And to make sure that any balloons used are biodegradable, the convention's director of greening (no kidding) has been burying samples in a compost heap.

But full compliance is proving difficult. For example, a demand that the 15,000 fanny packs to be distributed to volunteers all be made in the US of organic cotton by union labor turns out to be impossible: Such things don't exist.

Questions:  Who did they hire to plan this thing?  If I go, can I bring my own food?  Will I be subjected to an honor killing if I grab a hot dog?  Will attendees be barred from going to local restaurants under pain of sin?

Also, how many cancellations have they gotten?

Just gimme me a smoked-filled room.  A health risk, yes.  A national risk, very rarely.

Harry Truman must be changing his registration.

June 30, 2008.      Permalink          


Race is always awkward to discuss, but the issue is part of our political landscape.  Peter A. Brown, assistant director of the Quinnipiac University Polling Institute, which is well regarded, examines a problem that has plagued the Democratic Party for years - the alienation of white voters.  It's a problem exacerbated this year by the perception, true or not, that the party elite showed contempt for at least some of them:

It is more than a little ironic that it has taken the first African-American to win a major party presidential nomination to make clear to everyone what has been the case for more than 40 years in presidential elections: Democrats have a problem with white voters.

And, noting Lyndon Johnson's landslide victory in 1964...

Neither Jimmy Carter nor Bill Clinton, the last Democrats to occupy the Oval Office since then, won a majority of white voters. Mr. Clinton came relatively close in 1996 and might have done so in 1992 had Ross Perot not been in the race. But focusing on those near misses overlooks the larger point: Sen. Obama, the son of a white mother and black father, could lose this election badly and still outdo the very pale — Sen. George McGovern in 1972, former Vice President Walter Mondale in 1984, former Massachusetts Gov. Michael Dukakis in 1988 and possibly Sen. John Kerry in 2004 – among white voters.

For those voters, especially ones without college degrees, the fact that Sen. Obama is black may not be as much a disqualifier as his background as a Democrat from the Frost Belt with no national security or executive experience and a voting record judged by the nonpartisan National Journal as the Senate’s most liberal during 2007.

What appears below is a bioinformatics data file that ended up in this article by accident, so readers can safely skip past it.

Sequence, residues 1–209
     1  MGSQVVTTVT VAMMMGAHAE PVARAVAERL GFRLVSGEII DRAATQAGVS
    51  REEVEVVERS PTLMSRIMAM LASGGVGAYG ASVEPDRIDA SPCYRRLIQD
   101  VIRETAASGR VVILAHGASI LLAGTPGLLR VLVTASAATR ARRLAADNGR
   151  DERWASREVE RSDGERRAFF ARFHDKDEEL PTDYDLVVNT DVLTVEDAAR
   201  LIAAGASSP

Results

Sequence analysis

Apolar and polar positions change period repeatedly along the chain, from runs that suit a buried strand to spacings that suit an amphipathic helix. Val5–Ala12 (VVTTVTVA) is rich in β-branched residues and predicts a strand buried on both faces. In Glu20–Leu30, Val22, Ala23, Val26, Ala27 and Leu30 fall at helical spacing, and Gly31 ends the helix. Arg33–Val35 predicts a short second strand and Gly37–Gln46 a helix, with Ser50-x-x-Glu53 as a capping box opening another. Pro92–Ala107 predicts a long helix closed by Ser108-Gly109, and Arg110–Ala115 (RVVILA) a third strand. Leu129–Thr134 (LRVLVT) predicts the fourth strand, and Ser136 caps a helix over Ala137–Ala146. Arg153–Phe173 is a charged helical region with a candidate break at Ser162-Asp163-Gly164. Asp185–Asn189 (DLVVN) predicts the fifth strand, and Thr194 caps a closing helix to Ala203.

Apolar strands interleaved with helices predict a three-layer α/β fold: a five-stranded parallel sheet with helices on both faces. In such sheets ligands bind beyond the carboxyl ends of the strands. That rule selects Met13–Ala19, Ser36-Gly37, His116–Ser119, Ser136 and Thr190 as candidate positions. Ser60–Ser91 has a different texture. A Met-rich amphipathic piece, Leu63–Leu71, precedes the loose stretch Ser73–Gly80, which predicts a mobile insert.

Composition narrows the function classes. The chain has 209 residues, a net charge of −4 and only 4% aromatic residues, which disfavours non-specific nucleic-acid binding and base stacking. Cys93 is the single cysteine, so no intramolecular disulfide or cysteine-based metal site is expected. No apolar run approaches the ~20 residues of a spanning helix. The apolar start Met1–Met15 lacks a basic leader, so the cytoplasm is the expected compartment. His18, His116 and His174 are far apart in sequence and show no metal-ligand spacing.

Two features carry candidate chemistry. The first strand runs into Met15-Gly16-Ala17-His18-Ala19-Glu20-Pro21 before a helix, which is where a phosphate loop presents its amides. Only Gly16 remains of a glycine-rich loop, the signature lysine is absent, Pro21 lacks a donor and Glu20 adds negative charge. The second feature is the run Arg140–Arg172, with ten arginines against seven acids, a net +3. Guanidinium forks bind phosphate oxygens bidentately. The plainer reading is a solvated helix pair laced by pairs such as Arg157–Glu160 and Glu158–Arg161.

Although Mr. Clinton won enough votes to take the presidency, after his reign Democrats continued to see the formula for victory as before: increasing minority turnout — especially African-Americans, and to a lesser degree Hispanics — while winning those white voters most likely to see things their way — single women, union members and those with low incomes who viewed government as their salvation.

Such a focus ignores the views and values of the larger group of white voters.

The key point:

The truth is that, more than we like to admit, polls consistently show a correlation between race and ideology in American society. White voters, as a group, are more likely to favor a limited role for government here at home and a more aggressive posture overseas. In general, polls show Democrats — and a disproportionate share of black voters — favor a smaller, less adventurous military and a larger role for government on the domestic front.


The question this year is whether an unpopular war, an even less popular Republican president and a slumping economy can change those dynamics in favor of Sen. Obama — or perhaps whether just the American electorate has become less white enough so that it does not matter.

But making a big deal about Sen. Obama’s weakness among white voters, among those with or without a college education, and assuming it has to do just with his race ignores history. It does a disservice to both Sen. Obama and those who oppose him.

Good points all.  What's left out, though, is the fact that, in the days when the Democratic Party was almost consistently dominant, it favored an important role for government, but also favored a strong national defense.  The strong defense plank is gone, and, although Dems may do well this year, the overwhelming dominance they once enjoyed is unlikely to return unless America as a nation goes far to the left, or the party moves back to the muscular center.

June 30, 2008.      Permalink